Alleged Ghosn Accomplice Asserts Innocence on Last Trial Day
(Bloomberg) -- Former Nissan Motor Co. Director Greg Kelly should be exonerated of criminal charges for allegedly helping Carlos Ghosn under-report compensation because he had no motive and no knowledge of any plans to repay the former chairman for reduced income, his lawyer said on the final day of court proceedings.
Prosecutors failed to prove that there was a conspiracy within the Japanese carmaker to conceal the auto executive’s remuneration, Yoichi Kitamura, Kelly’s defense attorney, said during closing arguments on Wednesday at the Tokyo District Court.
Kelly, 65, was arrested the same day as Ghosn in November 2018 and has been in Japan ever since, seeking to prove his innocence in a trial that started a year ago. “The defendant, Gregory Lewis Kelly, is innocent,” Kitamura said.
The trial against Kelly is nearing completion with a verdict scheduled for March 3. Prosecutors said last month that Kelly should be sentenced to two years in prison for allegedly helping Ghosn hide income of more than 9 billion yen ($81 million). Ghosn is not facing a court in Japan, having staged a spectacular escape from the country at the end of 2019, making his way by private jet to Lebanon.
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A regular contingent of about two dozen reporters were in the courtroom on the final day of public proceedings, and there were more than 30 spectators, more than the usual number. Kelly was dressed in a dark grey suit and red tie. Representatives from the U.S. embassy in Tokyo were also in attendance.
“There was no crime,” Kelly told reporters outside the courthouse after the day’s proceedings. “Carlos Ghosn never was paid anything, and there was no enforceable agreement. There were a few people at Nissan that actually bypassed the board of directors, they didn’t want a merger; that’s not their decision to make that decision.”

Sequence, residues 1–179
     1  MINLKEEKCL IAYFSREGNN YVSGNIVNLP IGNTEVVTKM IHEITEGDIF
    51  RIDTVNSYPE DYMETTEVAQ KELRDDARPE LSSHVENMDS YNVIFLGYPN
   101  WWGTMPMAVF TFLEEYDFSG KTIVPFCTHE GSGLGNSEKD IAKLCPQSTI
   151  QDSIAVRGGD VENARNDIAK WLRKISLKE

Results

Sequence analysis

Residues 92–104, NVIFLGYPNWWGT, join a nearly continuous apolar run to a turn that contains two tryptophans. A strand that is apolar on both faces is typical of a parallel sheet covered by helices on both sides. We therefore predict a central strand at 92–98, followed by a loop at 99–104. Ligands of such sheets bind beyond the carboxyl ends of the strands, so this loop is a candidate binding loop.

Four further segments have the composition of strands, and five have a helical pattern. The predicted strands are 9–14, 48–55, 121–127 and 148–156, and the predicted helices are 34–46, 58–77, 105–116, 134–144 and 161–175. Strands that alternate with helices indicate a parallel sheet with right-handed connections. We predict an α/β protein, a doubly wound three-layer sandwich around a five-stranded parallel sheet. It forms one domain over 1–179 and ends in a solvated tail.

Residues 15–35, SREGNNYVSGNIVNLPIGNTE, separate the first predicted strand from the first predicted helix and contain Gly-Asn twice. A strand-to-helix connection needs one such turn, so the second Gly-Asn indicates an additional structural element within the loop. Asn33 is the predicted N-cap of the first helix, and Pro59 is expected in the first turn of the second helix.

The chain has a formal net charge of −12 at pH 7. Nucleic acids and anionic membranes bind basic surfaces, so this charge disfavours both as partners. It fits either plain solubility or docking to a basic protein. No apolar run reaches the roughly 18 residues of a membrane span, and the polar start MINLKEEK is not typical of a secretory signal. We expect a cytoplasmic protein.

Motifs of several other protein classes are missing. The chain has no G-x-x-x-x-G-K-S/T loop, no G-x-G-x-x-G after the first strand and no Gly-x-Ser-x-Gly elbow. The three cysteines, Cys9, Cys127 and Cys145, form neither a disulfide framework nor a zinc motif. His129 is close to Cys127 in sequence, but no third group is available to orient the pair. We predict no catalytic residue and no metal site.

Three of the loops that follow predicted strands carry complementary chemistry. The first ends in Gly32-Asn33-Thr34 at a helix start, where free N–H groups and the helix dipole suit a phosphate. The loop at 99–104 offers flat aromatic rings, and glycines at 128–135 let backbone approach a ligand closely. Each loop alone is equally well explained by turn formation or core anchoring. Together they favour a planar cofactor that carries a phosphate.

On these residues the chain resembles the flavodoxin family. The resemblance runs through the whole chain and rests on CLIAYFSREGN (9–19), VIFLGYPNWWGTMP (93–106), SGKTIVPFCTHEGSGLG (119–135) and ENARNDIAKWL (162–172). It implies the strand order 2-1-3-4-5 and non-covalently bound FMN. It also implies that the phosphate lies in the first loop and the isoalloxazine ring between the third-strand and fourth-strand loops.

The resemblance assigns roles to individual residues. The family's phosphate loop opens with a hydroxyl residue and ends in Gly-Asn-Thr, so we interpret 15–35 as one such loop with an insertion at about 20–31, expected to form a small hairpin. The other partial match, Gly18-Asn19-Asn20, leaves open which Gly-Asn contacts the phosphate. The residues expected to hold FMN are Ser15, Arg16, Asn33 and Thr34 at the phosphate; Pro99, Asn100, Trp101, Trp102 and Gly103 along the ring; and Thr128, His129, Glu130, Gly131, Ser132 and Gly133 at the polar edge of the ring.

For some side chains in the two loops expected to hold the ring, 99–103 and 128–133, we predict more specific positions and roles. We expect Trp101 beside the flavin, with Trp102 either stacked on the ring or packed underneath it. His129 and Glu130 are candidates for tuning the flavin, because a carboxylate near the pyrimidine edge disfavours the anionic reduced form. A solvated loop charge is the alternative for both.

Nissan, also a defendant in the trial, isn’t disputing the charges of financial misconduct and presented final arguments on Wednesday admitting to the allegations. Lawyers for the automaker outlined the harm done to the company, both financially and to its reputation, and asked for leniency. Prosecutors have recommended a 200 million yen fine to be levied against the carmaker. “Kelly’s efforts to retain Ghosn were clearly unlawful,” Nissan’s attorney said during a presentation that lasted about 30 minutes.
Prosecutors said last month that Ghosn and Kelly “sought to evade disclosures to avoid criticism by shareholders” and that “Kelly had a critical and essential role” in coming up with measures to avoid disclosure of income and finding other ways to pay Ghosn.
The arrests of Ghosn and Kelly triggered shock waves that reverberated through Nissan and its global carmaking alliance with Renault SA and Mitsubishi Motors Corp. Nissan’s profits slumped to a decade low, and score-settling fueled an exodus of other top executives. The turmoil left the company in a weaker position as it seeks to navigate an industry that’s being disrupted by a shift to electric vehicles and self-driving cars.
Ghosn is in Beirut and seeking to restore his reputation, and has acknowledged that Kelly’s trial will serve as a proxy for how he is ultimately judged.
Kelly, one of Nissan’s most senior executives who oversaw human resources, legal affairs and other matters, said during testimony earlier this year that he sought ways to legally compensate Ghosn after the former chairman voluntarily reduced his pay. Kelly gave up some of his duties in 2015 while remaining on the board.
Asked about the length of the trial, Kelly said: “This is a simple question. It’s not complex. There’s no contract. We weren’t going to do anything till after he retired. It takes three and a half years to resolve this. I think that’s a pretty long time.”
Kitamura presented an abridged version of his defense instead of the full document, which ran to almost 500 pages, including exhibits. He said there was a clear lack of evidence showing any desire or motive to pay Ghosn a certain amount. He also pointed out that it would have been difficult for Kelly, as a non-Japanese speaker, to collude with others.
“Kelly is a lawyer and would not knowingly commit a criminal act,” Kitamura said. “There’s no indication that Kelly had any personal interest in considering the payment for Ghosn, and has consistently acted with only the interests of the company in mind.”
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